Those who have read Shauna Niequist’s previous books, or follow her snapshots from the kitchen on social media, won’t be surprised to find food and recipes throughout her new daily devotional, Savor. With every comforting bowl of soup or sweet slice of cake comes a story of the people in her life, who cook and eat and celebrate alongside her. In honor of her latest title, the Chicago-based author shares with us a reflection on what it means to savor our friendships. – Kate Shellnutt, Her.meneutics editor

It’s my birthday, she said, so I get to ask the questions. She was right—the birthday girl is the boss. It was her 30th, and we were at a French restaurant she’d chosen, plates full of omelets and baguettes, tiny pots of jam and Nutella, flaky croissants and coffee cups.

Before she asked, she told us about the last year. She said she felt anxious and pressured. She worried that she wasn’t measuring up, that she wasn’t impressive, that she had to keep running and running and doing and doing in order to be loved and respected. She wanted to leave that behind, to close her 20s and walk forward in a new way: free, connected, grounded.

You’d never guess that this is how she felt. She’s the kind of friend who lights up a room, looks you in the eye, laughs with freedom, and lives with style. She makes it look easy. But what she told us that morning, as we passed jam and bites of chocolate croissant across the round table, was that there was a darkness under the surface, and she needed a new way forward.

We each answered her question. This is what we do when we feel scared: centering prayer, counseling, writing in a journal. We talked about spiritual direction, about getting up before the kids to begin the day with coffee and God’s Word. We talked about striving and proving ourselves and the dead ends of those ways of living. We talked about what we regret: working for our worth. And what we’re learning: unconditional love is the most beautiful, life-changing thing there is, and we’re hooked.

She’s the youngest (several of us are much closer to 40 than 30), so we told her the things we’ve learned the hard way. Over the years, I’ve grown so much from the voices around that table, from their wisdom and experience and bravery. But more than the advice itself, it’s important for us to have these kinds of friendships.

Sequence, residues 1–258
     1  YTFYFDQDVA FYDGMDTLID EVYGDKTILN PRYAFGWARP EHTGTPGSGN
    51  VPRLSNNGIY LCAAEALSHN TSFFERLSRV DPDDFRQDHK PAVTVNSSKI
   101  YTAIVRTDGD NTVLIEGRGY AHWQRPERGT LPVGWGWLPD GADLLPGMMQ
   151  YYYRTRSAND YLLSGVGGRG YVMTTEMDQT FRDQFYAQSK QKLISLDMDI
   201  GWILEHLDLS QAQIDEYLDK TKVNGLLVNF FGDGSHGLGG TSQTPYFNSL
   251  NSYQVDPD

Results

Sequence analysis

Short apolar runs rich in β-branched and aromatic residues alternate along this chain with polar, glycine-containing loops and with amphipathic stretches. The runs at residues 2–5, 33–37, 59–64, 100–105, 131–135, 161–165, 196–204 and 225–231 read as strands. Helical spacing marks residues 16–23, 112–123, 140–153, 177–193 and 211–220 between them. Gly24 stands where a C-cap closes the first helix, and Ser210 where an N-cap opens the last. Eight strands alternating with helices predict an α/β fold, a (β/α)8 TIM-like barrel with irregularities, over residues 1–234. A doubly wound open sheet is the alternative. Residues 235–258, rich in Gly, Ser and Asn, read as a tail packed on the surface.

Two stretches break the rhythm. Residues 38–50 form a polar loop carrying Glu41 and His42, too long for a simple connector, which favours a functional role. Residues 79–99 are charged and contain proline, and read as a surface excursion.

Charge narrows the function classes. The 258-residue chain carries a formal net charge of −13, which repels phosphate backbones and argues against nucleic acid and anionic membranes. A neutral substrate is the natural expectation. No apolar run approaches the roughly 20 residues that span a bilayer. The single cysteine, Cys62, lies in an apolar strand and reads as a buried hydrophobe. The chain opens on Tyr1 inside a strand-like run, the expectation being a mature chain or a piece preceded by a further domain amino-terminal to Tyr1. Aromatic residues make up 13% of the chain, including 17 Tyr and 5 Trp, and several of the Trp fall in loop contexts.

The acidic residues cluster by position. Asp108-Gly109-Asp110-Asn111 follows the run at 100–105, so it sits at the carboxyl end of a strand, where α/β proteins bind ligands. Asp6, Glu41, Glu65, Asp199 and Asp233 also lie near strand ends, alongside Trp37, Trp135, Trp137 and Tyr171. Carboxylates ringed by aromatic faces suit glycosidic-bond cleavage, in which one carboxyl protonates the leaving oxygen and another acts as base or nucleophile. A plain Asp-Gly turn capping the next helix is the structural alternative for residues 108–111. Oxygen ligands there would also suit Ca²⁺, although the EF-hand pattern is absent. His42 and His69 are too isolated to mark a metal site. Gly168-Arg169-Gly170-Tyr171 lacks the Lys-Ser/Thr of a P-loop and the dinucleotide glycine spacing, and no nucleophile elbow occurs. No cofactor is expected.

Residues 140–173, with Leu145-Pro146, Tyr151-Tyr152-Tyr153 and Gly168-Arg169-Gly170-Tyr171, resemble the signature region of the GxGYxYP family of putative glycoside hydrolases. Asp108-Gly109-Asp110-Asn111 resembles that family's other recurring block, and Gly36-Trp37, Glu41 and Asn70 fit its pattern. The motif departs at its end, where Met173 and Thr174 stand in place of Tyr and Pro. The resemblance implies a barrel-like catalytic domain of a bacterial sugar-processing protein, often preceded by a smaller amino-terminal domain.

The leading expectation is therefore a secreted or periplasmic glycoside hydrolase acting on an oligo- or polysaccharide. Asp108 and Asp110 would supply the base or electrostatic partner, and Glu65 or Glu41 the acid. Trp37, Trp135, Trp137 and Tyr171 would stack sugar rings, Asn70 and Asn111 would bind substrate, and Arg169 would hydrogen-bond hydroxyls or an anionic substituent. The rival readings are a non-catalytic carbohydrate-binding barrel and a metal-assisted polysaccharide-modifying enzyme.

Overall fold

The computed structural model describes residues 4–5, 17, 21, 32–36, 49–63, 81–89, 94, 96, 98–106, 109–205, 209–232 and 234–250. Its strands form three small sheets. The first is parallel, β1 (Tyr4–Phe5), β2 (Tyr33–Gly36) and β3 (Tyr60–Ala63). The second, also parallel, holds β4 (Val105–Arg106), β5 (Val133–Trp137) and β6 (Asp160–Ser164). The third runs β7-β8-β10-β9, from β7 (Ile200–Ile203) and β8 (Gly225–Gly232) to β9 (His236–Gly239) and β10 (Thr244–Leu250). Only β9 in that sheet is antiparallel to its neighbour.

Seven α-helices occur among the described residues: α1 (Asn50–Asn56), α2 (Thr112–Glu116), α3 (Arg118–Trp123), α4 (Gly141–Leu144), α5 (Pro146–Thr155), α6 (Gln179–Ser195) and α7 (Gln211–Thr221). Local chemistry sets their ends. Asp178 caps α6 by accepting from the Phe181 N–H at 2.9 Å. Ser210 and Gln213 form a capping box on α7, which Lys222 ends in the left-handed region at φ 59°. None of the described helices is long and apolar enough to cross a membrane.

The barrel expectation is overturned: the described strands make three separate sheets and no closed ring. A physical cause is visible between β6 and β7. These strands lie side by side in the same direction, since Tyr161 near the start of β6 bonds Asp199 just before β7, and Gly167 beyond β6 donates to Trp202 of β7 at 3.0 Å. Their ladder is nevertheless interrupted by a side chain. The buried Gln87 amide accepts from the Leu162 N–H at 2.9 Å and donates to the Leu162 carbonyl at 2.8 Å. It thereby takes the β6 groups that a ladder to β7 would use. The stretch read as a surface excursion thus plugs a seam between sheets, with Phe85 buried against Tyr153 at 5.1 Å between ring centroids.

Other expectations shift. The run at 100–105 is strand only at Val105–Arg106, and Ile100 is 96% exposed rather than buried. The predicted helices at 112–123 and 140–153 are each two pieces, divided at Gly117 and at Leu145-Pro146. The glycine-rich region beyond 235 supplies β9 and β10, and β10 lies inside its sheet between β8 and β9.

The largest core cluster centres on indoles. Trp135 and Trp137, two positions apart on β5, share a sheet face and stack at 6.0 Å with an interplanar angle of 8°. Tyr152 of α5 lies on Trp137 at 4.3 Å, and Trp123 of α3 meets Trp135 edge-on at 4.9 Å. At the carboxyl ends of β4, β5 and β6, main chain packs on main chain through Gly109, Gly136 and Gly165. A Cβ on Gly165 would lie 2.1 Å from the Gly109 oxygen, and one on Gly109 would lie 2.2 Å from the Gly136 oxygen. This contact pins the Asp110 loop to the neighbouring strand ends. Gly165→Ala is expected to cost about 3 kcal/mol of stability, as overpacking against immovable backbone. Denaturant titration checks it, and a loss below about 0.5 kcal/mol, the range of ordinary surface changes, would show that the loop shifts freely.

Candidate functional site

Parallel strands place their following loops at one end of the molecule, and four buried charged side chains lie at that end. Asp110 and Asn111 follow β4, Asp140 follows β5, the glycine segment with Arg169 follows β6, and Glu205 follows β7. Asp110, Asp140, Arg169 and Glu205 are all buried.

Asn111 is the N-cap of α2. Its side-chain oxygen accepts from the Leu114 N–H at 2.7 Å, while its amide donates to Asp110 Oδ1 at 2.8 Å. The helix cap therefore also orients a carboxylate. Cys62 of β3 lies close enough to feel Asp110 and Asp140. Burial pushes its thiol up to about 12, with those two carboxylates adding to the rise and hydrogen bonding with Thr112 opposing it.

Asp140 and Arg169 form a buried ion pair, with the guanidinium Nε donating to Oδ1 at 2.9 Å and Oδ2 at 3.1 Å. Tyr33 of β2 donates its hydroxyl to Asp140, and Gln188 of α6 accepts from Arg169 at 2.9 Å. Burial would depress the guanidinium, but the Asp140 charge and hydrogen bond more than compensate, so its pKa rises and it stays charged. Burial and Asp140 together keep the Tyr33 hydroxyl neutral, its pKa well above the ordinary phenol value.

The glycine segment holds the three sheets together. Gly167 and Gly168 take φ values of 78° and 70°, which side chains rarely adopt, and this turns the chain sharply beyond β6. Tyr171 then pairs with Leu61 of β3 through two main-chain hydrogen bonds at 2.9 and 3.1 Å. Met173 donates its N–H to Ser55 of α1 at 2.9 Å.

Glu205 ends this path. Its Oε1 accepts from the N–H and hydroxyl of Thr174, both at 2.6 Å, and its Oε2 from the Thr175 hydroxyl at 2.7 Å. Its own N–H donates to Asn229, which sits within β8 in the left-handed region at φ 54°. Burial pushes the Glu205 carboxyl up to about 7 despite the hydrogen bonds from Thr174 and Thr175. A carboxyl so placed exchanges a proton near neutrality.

When she told the truth about how life feels to her—scary, pressured, volatile—we leaned forward and said, Me too. You’re not alone. Sometimes it feels like that to me, too. The power of that conversation was not the words we shared that day, but the hours and days and years they stood upon. You don’t get to have this kind of conversation around the table unless you put in the time.

Of all the things I’ve built in my life, what the eight of us have built around the table together is one of the things I’m most proud of. I’d make your head spin if I drew you a map of where we’ve all lived—neighbors and then not and then again; around-the-world trips and cross-country moves; racking up frequent flyer miles to see each other’s faces as often as possible.

And it’s worth it, because after more than a decade of life together, we can have conversations like the one we had at that brunch, about the deepest stuff, about the real and sometimes scary insides of our lives. These are people who put me back together after the most painful moments of my life. These are people who point me in the right direction when I’m turned around and can’t find a way forward. When I live well, when I connect deeply, when I parent in a way I’m proud of, when I live with gratitude and hope, it’s because these faces around the table taught me and teach me, and every hour we’ve spent together matters.

They say that we are the sum of the five people we spend the most time with. I think that’s absolutely true. And that fact makes me all the more committed to friendship, to life together, to becoming the woman I want to be because these guides are showing me the way. The birthday girl, eight years younger than me, was a guide to me that morning. I want to be honest, passionate, and unwilling to begin another decade tangled up in anxiety and fear. The other faces around the table are guides to me: teaching me how to pray, how to forgive myself, how to practice Sabbath and dwell deeply with God through prayer.

This is what I know about spiritual life: it is not a solo endeavor, and most of the true progress I’ve made over the years—growth, courage, forgiveness, patience—has been born out of the truth we told each other over eggs and coffee or soup and bread, around the table, guiding each other toward hope, bravery, life itself.

Shauna Niequist is the author of Savor, Bread & Wine, Cold Tangerines, and Bittersweet, and is an enthusiastic hostess, home cook and passionate gatherer of people. Shauna’s three great loves are her family, dinner parties, and books, and she believes that vulnerable storytelling, hard laughter, and cold pizza for breakfast can cure almost anything. You can connect with her online at